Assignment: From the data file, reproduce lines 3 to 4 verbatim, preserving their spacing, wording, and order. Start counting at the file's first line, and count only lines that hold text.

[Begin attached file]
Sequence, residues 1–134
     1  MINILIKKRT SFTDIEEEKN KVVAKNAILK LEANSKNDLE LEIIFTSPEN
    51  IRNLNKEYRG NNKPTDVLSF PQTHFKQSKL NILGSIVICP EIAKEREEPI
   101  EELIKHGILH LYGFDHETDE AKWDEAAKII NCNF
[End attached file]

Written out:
    51  IRNLNKEYRG NNKPTDVLSF PQTHFKQSKL NILGSIVICP EIAKEREEPI
   101  EELIKHGILH LYGFDHETDE AKWDEAAKII NCNF